Singapore consumers will be charged a goods and services tax (GST) on overseas digital services from January 1, 2020, expanding the tariff beyond locally procured products. This will impact a wide range of services including downloadable content such as e-books and mobile apps, software such as office suites, subscription-based media such as music streaming and online games, as well as electronic data management such as cloud storage and web hosting.
According to the Inland Revenue Authority of Singapore (IRAS), more than 100 providers of such services had enrolled under the city-state’s Overseas Vendor Registration (OVR) regime, which meant they would begin charging GST on the sale of their digital services from tomorrow. The government agency defined digital services as services supplied online or an electronic network that required minimal or no human intervention and were “impossible without the use of information technology”.
Under the new regime, overseas digital service providers with a yearly global turnover of more than S$1 million and sold more than S$100,000 worth of digital services to customers in Singapore in a 12-month period were required to register for GST and charge GST.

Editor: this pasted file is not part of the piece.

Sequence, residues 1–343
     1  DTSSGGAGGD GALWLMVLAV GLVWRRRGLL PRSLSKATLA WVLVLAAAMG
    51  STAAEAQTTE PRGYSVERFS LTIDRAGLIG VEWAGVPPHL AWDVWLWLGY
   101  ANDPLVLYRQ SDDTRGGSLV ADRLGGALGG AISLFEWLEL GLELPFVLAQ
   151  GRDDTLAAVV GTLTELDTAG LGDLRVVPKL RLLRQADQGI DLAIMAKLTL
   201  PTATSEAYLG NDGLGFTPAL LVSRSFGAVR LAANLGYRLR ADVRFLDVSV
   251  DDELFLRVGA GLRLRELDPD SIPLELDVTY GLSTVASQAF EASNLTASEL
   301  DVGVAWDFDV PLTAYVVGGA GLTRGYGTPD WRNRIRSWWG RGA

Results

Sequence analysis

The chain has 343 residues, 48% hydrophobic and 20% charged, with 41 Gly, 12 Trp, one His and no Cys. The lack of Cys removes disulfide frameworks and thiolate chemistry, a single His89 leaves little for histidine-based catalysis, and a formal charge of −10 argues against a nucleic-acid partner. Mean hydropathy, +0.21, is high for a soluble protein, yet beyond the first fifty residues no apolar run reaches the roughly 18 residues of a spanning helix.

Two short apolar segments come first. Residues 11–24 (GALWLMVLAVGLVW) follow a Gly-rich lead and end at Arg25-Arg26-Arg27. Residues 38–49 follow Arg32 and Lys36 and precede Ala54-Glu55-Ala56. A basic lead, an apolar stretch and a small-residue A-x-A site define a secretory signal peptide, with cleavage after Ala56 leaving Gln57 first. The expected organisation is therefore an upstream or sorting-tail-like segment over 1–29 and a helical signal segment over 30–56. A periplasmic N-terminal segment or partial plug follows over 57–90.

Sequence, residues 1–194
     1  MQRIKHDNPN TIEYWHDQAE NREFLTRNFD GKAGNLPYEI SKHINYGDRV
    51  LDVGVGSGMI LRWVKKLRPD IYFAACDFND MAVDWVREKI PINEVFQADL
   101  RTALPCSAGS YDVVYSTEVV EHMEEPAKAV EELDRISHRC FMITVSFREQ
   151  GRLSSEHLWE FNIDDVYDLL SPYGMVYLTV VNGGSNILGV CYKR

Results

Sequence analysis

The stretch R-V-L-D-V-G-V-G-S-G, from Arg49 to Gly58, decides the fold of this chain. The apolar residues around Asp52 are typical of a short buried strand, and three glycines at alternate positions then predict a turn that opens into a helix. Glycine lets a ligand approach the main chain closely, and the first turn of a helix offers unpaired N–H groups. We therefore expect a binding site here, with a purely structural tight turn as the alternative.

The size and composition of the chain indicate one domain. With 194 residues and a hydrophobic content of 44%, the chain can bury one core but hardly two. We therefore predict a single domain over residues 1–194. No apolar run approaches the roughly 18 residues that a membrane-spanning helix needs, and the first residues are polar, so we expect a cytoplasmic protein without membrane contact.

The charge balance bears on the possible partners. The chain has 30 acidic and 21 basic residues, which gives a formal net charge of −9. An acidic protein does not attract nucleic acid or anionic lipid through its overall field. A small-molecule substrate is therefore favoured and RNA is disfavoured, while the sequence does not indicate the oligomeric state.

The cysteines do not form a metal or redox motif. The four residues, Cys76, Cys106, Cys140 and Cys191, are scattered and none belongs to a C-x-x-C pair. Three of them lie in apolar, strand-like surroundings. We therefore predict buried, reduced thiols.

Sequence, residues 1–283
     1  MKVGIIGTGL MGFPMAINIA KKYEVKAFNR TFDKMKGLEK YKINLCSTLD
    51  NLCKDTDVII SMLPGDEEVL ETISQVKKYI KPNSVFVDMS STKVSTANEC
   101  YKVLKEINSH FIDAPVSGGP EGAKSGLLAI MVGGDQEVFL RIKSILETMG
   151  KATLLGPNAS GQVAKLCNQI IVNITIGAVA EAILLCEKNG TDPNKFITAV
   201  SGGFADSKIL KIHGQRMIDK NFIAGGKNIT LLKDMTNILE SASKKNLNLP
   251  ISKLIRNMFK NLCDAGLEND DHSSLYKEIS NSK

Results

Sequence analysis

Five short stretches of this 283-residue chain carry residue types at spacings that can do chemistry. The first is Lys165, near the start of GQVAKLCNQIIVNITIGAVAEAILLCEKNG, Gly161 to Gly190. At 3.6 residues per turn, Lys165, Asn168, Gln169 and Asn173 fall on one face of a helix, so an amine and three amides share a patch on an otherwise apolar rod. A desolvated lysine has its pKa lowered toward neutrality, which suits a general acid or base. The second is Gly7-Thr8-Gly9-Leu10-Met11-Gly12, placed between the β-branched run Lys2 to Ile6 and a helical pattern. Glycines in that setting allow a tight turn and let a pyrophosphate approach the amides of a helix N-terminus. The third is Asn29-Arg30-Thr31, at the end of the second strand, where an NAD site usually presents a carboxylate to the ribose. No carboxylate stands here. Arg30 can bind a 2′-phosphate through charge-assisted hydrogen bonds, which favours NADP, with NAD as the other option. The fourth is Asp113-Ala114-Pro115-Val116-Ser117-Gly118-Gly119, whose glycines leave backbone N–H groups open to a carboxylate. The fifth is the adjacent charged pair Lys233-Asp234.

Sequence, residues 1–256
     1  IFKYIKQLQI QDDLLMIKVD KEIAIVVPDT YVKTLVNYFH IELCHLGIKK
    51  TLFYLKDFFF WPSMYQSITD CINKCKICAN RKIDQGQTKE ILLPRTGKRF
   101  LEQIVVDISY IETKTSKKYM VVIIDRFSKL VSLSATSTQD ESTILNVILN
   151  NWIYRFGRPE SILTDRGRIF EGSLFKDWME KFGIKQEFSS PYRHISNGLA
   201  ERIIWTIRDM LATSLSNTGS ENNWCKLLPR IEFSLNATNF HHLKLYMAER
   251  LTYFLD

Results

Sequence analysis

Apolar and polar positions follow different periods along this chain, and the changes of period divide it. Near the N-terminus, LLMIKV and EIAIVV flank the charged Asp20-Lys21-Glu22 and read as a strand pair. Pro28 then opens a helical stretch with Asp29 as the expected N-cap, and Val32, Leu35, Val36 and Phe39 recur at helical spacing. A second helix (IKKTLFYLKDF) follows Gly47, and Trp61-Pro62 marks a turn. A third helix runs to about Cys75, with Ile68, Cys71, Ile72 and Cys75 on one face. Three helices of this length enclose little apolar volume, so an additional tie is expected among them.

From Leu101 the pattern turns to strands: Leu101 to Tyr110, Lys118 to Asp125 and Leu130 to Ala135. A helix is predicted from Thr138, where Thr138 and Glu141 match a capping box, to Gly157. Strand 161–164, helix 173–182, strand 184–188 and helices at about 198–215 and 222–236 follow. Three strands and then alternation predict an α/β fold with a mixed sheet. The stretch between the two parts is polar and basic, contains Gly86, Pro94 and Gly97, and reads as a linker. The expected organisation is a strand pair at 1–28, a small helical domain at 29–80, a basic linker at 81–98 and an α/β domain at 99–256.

The new tax would not apply to online purchases of goods, IRAS said, noting that GST already was payable on goods–valued above S$400–imported into Singapore, via air or post.
The government, however, had said it would continue to review the tax regime on such e-commerce transactions before determining how it should proceed.
It first unveiled plans to impose a GST on imported digital services in its budget statement February 2018, announcing plans to apply the tax to business-to-business (B2B) and business-to-consumer services, such as marketing, accounting, and IT services as well as apps, online software subscription fees, and video and music streaming services. Suppliers of such services that already had establishments in Singapore would not be subjected to the new tax.
Commenting on the import tax, Gartner’s research director Adrian Lee then had said digital service providers would face higher operational costs to ensure compliance when they exceeded S$100,000 in transactions. They also would have to deal with added pressures on margins from the Singapore government’s proposed increase in GST to 9% for all businesses within the country, scheduled to kick in from 2021. Lee said: “Needless to say, this will dampen the growth of digital services in Singapore, but should not constrain it, as consumers progressively digitise their services.”